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Age UK Study

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A study of 6,500 UK men and women aged over 52 found that being isolated from family and friends was linked with a 26% higher death risk over seven years. Age UK says cuts to services for older people are compounding the problem. It is not the first time that loneliness and social isolation has been linked with poor health. But researchers wanted to find out if it was the emotional aspect of feeling lonely that was having an impact or the reality of having little social contact. Those who were socially isolated - that is had little or no contact with friends or family - were more likely to be older and unmarried and have long-standing illnesses limiting their mobility, such as lung disease and arthritis. People who described themselves as feeling lonely were more likely to be female and have a wider range of health conditions, including depression.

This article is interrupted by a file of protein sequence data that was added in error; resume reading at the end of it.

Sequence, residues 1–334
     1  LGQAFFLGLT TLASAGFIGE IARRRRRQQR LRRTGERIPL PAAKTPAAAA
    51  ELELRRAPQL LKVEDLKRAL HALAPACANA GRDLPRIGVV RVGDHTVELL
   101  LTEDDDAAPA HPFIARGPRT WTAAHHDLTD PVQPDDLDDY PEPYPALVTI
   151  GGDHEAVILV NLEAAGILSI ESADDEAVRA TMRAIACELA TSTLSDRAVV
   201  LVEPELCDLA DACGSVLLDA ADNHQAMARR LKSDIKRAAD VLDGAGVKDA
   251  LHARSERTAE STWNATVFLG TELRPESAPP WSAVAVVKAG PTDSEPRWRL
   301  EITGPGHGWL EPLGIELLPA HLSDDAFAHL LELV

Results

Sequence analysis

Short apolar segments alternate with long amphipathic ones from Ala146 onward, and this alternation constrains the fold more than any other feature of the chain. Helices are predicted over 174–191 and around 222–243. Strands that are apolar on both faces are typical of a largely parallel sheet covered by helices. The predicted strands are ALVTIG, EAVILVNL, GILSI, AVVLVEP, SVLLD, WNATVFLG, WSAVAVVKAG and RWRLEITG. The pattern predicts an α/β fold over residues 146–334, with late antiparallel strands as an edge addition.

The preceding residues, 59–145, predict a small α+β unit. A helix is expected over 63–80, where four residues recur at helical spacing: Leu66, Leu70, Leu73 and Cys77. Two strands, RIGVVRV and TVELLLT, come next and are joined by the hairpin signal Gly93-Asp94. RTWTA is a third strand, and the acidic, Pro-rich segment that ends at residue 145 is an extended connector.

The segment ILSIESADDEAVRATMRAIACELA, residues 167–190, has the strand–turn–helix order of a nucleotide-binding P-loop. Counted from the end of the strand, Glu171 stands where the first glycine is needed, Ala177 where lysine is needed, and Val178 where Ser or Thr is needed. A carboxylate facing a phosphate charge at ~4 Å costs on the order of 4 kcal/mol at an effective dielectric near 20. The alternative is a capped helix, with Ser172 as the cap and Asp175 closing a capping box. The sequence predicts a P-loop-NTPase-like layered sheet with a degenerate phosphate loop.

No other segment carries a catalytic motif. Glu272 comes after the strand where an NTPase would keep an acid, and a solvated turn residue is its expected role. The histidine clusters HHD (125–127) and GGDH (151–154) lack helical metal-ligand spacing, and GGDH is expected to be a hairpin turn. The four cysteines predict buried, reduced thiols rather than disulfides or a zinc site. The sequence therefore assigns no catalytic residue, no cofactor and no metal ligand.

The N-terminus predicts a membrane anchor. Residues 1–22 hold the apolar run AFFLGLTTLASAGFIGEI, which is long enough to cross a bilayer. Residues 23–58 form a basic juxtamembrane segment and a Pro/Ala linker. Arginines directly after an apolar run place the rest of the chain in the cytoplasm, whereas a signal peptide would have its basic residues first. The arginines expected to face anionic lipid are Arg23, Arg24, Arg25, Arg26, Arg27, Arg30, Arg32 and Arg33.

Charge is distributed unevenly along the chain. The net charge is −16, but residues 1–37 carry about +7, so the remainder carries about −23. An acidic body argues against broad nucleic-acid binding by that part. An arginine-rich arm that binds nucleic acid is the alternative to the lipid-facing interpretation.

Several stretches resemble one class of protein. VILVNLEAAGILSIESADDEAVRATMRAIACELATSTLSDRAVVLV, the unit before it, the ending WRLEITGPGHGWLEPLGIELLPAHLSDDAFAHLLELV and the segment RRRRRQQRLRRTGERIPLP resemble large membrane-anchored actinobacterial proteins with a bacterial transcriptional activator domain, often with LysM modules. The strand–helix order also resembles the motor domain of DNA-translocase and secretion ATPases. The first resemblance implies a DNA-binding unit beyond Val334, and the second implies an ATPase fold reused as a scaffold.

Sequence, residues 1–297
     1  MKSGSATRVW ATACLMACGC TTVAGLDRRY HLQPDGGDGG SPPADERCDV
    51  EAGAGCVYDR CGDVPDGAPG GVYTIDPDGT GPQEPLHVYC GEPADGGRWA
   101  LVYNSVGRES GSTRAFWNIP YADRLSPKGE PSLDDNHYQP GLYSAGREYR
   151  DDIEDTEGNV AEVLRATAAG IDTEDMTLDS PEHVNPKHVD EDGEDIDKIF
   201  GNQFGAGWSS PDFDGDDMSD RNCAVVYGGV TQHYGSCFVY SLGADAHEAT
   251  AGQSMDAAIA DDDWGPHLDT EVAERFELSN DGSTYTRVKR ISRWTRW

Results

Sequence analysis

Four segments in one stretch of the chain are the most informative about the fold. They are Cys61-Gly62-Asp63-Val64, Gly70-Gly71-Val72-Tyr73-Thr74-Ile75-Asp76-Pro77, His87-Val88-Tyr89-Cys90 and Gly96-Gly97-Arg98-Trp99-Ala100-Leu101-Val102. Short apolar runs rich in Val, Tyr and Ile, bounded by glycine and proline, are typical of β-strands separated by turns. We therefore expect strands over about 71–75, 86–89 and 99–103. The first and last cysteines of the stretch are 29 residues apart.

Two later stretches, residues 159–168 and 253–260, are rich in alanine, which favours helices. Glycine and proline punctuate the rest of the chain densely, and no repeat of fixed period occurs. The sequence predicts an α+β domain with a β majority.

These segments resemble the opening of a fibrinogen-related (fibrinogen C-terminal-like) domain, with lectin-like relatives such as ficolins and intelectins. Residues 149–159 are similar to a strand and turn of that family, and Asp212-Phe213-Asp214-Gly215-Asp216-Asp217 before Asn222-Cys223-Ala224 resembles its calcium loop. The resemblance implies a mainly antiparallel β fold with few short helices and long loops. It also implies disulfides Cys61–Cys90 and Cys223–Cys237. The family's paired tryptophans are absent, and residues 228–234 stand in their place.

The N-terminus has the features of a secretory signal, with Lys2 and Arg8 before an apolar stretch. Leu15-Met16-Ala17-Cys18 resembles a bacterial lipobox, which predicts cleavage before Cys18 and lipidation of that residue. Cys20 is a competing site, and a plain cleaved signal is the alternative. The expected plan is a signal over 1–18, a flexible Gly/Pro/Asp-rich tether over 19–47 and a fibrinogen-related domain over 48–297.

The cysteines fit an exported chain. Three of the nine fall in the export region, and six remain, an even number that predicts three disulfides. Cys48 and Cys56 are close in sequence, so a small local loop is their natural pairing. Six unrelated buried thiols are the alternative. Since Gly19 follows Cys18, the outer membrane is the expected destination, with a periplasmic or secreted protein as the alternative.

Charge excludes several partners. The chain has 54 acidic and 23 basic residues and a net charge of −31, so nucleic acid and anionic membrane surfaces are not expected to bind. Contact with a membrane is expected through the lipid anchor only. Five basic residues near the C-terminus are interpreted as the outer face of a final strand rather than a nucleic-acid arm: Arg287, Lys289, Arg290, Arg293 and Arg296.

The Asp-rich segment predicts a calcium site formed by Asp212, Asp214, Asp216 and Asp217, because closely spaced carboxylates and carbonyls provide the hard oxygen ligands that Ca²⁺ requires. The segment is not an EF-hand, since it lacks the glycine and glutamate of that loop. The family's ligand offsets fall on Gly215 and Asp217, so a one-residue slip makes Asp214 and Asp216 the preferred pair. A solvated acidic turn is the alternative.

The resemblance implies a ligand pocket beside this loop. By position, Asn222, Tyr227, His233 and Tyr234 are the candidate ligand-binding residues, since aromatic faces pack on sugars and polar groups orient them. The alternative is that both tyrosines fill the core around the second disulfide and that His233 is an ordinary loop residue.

(Source: BBC News from SFE April 2013 newsletter)